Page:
Canada disputes that position, pointing out that all six potential routes for a commercially viable Northwest Passage wind between islands that are close together and indisputably Canadian. But Ottawa has never asserted MILITARY control over the Northwest Passage until now, because to do so would risk an awkward confrontation with the United States. However, if you can pretend that you are building those warships and that naval base to hold the wicked Russians at bay, not to defy the Americans….

That is Harper’s game, and he now visits the high north every summer to re-assert Canada’s sovereignty claims. But in the end it will make no difference, because the Northwest Passage will never become a major shipping route. The Northeast Passage is just too much easier.

The problem for Canada is that all the routes for a Northwest Passage involve shallow and/or narrow straits between various islands in the country’s Arctic archipelago, and the prevailing winds and currents in the Arctic Ocean tend to push whatever loose sea ice there is into those straits. It is unlikely that cargo ships that are not double-hulled and strengthened against ice will ever get insurance for the passage at an affordable price.

Whereas the Northeast Passage is mostly open water (once the ice retreats from the Russian coast), and there is already a major infrastructure of ports and nuclear-powered ice-breakers in the region. If the distances are roughly comparable, shippers will prefer the Northeast Passage every time – and the distances ARE comparable.

Just look at the Arctic Ocean on a globe, rather than in the familiar flat-earth Mercator projection. It is instantly obvious that the distance is the same whether shipping between Europe and East Asia crosses the Arctic Ocean by running along the Russia’s Arctic coast (the Northeast Passage) or weaving between Canada’s Arctic islands (the Northwest Passage).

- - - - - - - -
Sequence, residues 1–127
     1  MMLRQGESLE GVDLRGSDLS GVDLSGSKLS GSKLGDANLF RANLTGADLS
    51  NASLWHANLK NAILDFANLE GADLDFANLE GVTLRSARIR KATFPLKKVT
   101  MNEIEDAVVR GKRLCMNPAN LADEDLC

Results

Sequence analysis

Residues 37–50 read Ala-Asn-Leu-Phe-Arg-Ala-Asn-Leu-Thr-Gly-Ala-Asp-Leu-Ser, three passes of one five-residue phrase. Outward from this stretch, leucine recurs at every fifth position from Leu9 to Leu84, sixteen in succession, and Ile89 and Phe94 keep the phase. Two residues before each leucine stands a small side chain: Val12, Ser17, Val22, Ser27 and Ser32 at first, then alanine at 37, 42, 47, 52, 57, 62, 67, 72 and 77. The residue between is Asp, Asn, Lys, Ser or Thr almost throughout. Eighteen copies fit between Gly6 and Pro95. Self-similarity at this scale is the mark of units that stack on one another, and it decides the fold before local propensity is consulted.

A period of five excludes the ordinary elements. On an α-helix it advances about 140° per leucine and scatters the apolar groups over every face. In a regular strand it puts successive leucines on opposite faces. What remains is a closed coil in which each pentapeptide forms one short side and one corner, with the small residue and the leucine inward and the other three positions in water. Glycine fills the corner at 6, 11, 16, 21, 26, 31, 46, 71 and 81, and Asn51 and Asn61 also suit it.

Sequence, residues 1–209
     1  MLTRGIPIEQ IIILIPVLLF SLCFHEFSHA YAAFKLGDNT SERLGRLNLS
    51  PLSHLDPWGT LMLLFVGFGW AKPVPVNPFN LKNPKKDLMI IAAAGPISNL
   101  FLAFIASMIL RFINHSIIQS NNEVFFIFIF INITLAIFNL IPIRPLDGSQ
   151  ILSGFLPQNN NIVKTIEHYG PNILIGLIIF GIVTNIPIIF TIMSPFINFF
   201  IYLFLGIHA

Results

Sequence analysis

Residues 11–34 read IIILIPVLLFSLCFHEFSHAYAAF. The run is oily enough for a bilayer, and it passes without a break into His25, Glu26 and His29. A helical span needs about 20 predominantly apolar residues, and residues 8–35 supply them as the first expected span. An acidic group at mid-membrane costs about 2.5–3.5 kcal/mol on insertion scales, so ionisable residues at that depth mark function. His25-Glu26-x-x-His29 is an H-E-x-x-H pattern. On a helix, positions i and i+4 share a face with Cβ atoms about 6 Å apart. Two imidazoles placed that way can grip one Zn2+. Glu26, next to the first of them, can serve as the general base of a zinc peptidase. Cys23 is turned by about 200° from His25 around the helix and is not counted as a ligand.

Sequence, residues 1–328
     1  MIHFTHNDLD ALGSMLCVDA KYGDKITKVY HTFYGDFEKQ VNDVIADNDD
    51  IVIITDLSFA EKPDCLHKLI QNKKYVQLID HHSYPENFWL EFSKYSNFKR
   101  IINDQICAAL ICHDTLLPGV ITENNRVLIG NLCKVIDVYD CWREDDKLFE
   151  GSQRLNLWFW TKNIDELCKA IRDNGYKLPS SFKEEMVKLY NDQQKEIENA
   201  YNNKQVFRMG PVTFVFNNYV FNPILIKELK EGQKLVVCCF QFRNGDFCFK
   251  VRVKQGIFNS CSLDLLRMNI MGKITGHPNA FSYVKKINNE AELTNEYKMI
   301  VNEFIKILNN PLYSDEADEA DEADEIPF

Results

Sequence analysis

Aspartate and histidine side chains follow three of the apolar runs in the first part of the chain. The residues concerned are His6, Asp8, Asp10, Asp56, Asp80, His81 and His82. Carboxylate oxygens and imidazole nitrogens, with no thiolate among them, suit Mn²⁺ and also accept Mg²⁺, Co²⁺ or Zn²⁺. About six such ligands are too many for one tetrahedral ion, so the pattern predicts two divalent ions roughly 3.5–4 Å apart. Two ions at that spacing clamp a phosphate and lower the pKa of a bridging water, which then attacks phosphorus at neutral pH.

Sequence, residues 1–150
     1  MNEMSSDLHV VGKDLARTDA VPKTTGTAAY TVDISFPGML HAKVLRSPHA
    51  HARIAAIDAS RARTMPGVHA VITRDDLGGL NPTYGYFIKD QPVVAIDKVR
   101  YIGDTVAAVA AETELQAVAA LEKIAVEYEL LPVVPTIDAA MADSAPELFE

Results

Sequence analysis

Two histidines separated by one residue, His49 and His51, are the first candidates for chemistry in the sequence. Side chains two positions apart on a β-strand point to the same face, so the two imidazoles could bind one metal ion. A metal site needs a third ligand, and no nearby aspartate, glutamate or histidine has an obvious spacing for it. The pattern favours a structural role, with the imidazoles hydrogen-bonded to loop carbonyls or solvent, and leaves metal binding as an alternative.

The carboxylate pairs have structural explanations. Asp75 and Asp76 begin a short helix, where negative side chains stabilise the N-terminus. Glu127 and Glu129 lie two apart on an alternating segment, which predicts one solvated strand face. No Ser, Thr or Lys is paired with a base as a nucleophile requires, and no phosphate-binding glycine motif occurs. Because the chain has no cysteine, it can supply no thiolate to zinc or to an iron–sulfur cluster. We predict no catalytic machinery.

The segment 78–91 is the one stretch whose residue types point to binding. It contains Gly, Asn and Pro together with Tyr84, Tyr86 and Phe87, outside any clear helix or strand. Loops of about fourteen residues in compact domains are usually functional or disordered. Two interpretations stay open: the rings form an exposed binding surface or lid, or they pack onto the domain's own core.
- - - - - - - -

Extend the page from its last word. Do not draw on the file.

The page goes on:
The same is true for cargo travelling between Europe and the west coast of North America. The Northwest Passage will never be commercially viable.

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To shorten to 725 words, omit paragraphs 3 and 7. (The voyage…irrelevant”; and “I don’t…well”)

Arctic Scramble

10 August 2007

Arctic Scramble

By Gwynne Dyer

Among the headlines I never expected to see, the top three were “Pope Marries,” “President Bush Admits Error,” and “Canada Uses Military Might,” but there it was, staring up at me from a British newspaper: “Canada Uses Military Might in Arctic Scramble.” Read a little further into the story and the “military might” turns out to be some armed icebreakers and two small military bases in the high Arctic, neither of which will be operational for some time to come, but all the same….

At the beginning of August, mini-submarines planted a Russian flag on the Arctic seabed at the North Pole, symbolically claiming the Lomonosov Ridge, an underwater mountain range, as part of the country’s continental shelf. If the claim were accepted, it would expand the Exclusive Economic Zone in which only Russians can exploit minerals and other seabed resources all the way to the North Pole, but it wasn’t immediately obvious how planting a titanium-encased Russian flag on the sea-floor advanced Russia’s case.